“There have been incorrect statements made to the press by chairman HEC that he was removed from office because he tried to have the accounts of some research centres in Karachi University audited that he claimed are supervised by Dr Atta-ur-Rahman. The facts are as follows: a) Prof Atta-ur-Rahman has held no administrative position in any research centre or university for the last 20 years. No centres have been operating under his administrative or financial control since the year 2002.

“b) HEC had requested for academic and financial audit of [the] International Center for Chemical and Biological Sciences. The requests were strongly welcomed by the centre in writing. The only requirement of the centre was in connection with the academic audit – that it should be carried out by experts in the relevant fields of chemistry and biology, which was reasonable.

“An academic audit of the International Center for Chemical and Biological Sciences was conducted by 11 international experts in 2018. It was commissioned by the Ministry of Science and Technology and in their report all the 11 foreign experts were unanimous in their praise of the high quality of research work being conducted in the centre, and had recommended additional financial support for it.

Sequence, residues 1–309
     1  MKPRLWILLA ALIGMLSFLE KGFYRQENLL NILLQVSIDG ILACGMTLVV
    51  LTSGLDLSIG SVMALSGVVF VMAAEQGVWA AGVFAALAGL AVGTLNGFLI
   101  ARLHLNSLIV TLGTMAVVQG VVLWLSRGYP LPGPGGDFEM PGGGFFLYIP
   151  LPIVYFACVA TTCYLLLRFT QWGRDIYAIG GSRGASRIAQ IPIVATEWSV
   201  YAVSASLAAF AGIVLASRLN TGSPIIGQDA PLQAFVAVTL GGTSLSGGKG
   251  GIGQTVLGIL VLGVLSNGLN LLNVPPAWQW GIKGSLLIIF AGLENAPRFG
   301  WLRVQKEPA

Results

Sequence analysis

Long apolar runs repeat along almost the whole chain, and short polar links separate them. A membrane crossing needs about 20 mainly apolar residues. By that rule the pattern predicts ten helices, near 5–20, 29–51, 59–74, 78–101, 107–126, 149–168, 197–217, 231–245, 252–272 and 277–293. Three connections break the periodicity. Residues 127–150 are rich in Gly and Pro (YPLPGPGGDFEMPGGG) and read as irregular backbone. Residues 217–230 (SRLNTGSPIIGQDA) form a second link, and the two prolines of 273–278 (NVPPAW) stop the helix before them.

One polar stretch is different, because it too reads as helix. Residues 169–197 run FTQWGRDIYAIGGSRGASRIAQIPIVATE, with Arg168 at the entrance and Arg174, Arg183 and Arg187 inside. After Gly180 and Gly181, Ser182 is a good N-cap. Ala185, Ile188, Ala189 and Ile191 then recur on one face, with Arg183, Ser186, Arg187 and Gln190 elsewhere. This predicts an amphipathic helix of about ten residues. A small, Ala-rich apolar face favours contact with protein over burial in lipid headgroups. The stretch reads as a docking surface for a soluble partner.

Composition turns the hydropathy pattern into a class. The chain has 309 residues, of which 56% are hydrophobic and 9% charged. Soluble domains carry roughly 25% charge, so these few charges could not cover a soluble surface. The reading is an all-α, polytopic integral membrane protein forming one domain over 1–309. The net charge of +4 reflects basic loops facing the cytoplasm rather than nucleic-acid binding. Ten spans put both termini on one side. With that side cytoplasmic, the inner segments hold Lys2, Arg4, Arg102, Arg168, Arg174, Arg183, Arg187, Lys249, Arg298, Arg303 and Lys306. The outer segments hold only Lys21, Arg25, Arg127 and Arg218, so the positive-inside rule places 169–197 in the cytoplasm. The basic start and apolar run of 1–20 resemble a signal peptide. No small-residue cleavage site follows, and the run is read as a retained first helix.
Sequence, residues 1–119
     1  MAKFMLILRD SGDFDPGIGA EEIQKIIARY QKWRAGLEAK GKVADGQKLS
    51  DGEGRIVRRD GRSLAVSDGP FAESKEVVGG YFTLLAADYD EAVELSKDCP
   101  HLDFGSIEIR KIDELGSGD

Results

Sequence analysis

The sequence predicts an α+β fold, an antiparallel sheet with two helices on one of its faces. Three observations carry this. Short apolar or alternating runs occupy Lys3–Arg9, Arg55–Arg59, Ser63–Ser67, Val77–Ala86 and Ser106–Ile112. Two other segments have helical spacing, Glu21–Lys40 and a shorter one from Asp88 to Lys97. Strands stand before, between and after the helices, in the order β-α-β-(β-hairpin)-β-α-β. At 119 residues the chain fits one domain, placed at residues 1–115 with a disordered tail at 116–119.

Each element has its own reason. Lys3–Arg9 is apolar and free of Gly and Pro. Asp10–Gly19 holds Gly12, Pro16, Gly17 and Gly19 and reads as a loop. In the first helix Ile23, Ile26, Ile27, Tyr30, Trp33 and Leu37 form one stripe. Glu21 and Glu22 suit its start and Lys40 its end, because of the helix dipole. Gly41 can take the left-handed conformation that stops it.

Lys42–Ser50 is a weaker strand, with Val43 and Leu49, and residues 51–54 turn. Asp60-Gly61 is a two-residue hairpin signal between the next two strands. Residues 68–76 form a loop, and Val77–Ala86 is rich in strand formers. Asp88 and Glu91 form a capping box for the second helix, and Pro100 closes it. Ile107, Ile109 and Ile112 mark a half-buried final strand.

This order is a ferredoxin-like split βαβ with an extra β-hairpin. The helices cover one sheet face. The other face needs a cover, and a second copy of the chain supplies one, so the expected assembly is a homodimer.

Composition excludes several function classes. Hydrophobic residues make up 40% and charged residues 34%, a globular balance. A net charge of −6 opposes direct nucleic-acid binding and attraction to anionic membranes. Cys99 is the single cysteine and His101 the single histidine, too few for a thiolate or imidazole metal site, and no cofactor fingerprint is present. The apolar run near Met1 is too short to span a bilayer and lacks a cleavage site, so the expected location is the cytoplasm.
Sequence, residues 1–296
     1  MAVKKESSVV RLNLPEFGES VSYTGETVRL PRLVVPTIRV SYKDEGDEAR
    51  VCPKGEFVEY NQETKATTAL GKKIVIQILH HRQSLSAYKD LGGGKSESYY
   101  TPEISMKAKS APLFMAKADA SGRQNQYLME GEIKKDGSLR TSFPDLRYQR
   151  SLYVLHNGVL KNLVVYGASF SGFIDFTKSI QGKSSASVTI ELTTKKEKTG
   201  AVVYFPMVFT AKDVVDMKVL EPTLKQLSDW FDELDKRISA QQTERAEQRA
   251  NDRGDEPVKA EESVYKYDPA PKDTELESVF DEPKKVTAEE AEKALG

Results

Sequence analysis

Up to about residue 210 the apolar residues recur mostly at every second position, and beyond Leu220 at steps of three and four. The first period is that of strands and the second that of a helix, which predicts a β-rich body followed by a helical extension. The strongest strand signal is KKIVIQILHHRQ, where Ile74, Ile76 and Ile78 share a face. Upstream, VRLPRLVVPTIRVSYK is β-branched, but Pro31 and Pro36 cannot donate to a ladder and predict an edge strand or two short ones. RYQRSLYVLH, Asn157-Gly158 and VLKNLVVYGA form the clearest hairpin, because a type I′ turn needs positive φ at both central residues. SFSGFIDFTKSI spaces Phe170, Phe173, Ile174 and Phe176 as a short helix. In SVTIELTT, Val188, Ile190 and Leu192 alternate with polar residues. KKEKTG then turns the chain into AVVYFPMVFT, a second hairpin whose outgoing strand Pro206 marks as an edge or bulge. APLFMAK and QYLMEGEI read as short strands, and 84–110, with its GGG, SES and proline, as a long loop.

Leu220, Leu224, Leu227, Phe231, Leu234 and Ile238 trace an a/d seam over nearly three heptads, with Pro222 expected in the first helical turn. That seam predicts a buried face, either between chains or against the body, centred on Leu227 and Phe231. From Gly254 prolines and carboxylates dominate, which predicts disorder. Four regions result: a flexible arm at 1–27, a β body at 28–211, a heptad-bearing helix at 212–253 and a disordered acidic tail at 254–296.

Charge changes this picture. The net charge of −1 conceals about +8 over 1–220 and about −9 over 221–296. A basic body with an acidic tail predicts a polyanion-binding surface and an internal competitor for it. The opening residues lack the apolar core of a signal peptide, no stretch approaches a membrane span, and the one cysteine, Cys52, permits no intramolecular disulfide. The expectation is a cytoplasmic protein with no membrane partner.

“c) The Ministry of Education objected to the funding formula proposed by HEC for all university research centres and pointed out that it was not suitable, without precedence and that it would badly damage research. The issue therefore was never about the auditing of accounts or transparency, as has been wrongly portrayed by Chairman HEC in statements to the press.

“d) HEC had proposed to take away the autonomy and merge the budget of the International Center of Chemical and Biological Sciences with that of the University of Karachi. This was not possible as the government has a formal agreement with UNESCO that its financial autonomy will be maintained. This was pointed out by the Ministry of Education to HEC in writing.